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SARS-CoV-2 Neutralization by “Sybodies,” (Synthetic Nanobodies)

The key objective of COVID-19 therapeutics has been to interrupt the interaction between the SARS-CoV-2 virus spike protein and its receptor on host cells, ACE2. This is achieved by therapeutic neutralising antibodies and constitutes a potential treatment. Traditionally, however, antibody production is a somewhat slow and costly process. Now, the rapid isolation and characterization of nanobodies from a synthetic library, known as sybodies, targeting the SARS-CoV-2 spike protein receptor-binding domain (RBD), has been reported by a German group of researchers.


The spike protein binds ACE2 using three finger-like protrusions, called the receptor-binding domains (RBDs), to allow the virus to hook onto the cell surface. Therefore, blocking the RBDs has the potential to stop the entry of the virus into human cells. Using antibodies, this can be done.

Due to their high stability and small size, nanobodies, tiny antibodies found in camels and llamas, are promising as tools against viruses. Although it is time-consuming to obtain them from animals, technological advances now allow synthetic nanobodies, called sybodies, to be selected quickly. Recently, in the laboratory of Markus Seeger, PhD, assistant professor at the University of Zurich, a technology platform for selecting sybodies from large synthetic libraries was developed and made available for this study.

Through the existing libraries, the laboratory of Christian Löw, PhD, group leader of EMBL Hamburg, searched for sybodies that could block SARS-CoV-2 from infecting human cells. First, to pick those sybodies that bind to them, they used the RBDs of the viral spike protein as bait. Next, the selected sybodies were tested according to their stability, efficacy, and binding precision. One of the best binders, called sybody 23, proved to be particularly effective in blocking RBDs.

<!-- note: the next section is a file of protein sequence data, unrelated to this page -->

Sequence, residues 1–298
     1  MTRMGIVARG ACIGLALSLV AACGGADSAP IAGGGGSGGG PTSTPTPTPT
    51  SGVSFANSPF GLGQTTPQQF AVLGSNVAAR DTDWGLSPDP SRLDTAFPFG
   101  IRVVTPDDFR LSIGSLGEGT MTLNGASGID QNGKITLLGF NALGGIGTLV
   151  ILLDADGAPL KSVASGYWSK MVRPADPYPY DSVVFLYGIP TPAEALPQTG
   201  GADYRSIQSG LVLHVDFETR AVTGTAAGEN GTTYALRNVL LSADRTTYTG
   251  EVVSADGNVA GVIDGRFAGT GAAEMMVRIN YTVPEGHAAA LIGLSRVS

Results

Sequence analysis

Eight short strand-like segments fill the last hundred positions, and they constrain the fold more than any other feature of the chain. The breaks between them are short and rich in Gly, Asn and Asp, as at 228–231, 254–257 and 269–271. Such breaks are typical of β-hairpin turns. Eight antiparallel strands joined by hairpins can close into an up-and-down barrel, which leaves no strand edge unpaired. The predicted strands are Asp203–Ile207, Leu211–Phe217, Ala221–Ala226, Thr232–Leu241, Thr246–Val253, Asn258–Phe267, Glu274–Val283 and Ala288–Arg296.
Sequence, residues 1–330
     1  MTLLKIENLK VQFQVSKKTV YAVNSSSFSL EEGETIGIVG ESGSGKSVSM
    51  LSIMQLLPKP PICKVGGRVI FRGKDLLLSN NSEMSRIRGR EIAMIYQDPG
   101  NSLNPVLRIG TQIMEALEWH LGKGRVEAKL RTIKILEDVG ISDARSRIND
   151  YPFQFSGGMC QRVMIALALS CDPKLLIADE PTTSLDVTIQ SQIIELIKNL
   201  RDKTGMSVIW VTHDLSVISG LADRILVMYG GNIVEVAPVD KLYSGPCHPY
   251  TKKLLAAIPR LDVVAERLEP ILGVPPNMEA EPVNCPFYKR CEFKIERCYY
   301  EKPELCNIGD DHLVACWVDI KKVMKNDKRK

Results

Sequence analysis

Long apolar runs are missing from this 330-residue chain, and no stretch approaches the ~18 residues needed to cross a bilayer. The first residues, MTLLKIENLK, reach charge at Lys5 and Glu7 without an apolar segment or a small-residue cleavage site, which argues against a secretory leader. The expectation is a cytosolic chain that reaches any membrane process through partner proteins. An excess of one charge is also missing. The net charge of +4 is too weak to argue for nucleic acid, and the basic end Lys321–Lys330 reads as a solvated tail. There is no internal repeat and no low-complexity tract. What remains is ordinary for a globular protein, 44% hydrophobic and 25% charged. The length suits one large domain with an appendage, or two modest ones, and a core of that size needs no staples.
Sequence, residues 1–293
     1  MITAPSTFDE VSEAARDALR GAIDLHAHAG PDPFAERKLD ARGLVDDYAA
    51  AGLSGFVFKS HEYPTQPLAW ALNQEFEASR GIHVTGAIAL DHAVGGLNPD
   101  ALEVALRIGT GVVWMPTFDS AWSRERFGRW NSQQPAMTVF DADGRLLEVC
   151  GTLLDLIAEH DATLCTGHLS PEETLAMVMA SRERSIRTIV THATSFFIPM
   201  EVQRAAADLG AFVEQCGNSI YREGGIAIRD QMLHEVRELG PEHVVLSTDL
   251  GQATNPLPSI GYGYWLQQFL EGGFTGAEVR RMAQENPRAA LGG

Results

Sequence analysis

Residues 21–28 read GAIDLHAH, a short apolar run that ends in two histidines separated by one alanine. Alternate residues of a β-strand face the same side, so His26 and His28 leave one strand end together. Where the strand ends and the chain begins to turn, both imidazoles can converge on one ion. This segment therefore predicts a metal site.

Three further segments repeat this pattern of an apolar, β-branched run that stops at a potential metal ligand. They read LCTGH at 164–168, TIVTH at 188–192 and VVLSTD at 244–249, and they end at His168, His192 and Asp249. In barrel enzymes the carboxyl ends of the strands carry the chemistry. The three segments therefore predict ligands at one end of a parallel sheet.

The authors wrote, "Several binders with low nanomolar affinities and successful neutralisation activity have been identified, of which Sb23 showed high affinity and neutralised pseudoviruses with an IC50 of 0.6 μg / mL."

Researchers in the group of Dmitri Svergun, PhD, senior scientist at EMBL Hamburg, studied the binding of sybody 23 to the RBDs by small-angle X-ray scattering to learn exactly how sybody 23 interacts with the viral RBDs. In addition, at the Karolinska Institutet, Martin Hällberg, PhD, used cryo-EM to determine the structure of the complete SARS-CoV-2 spike bound to the sys-bound 23.

"The authors clarified that "sybody 23 binds competitively at the ACE2 binding site" was shown by the cryo-EM structure of the spike bound to sybody 23. In addition, they noted, "the cryo-EM reconstruction showed an odd conformation of the spike where two RBDs are in the 'up' ACE2-binding conformation.

The RBDs switch between two positions: the RBDs poke out in the "up" position, prepared to bind ACE2; they are furled in the "down" position to hide from the human immune system. The molecular structures showed that in both 'up' and 'down' positions, sybody 23 binds RBDs and blocks the areas where ACE2 would usually bind. This ability to block RBDs irrespective of their location may explain why Sybody 23 is so effective.

Finally, the group of Ben Murrell at Karolinska Institutet used a different virus, called a lentivirus, to test whether sybody 23 would neutralise a virus, adjusted so that it carried the spike protein of SARS-CoV-2 on its surface. They observed that the modified virus was successfully disabled in vitro by Sybody 23. Additional testing will be needed to confirm whether the SARS-CoV-2 infection in the human body can be prevented.

"In these days, the collaborative spirit was immense, and everyone was inspired to participate," said Löw. As soon as they obtained permission from EMBL management to reopen their laboratories after the COVID-19 lockdown, the researchers began the project. In just a few weeks, they managed to pick candidate sybodies and conduct the analyses.

It was only possible to get the results so quickly because the methodologies we used were already developed for other research projects unrelated to SARS-CoV-2. It would have taken considerably more time and money to build these instruments, ”said Löw.

The outcomes of this project highlight the possibility of a possible way to treat COVID-19. In future research , scientists will carry out further studies to confirm whether syringe 23 may be an effective treatment for COVID-19.

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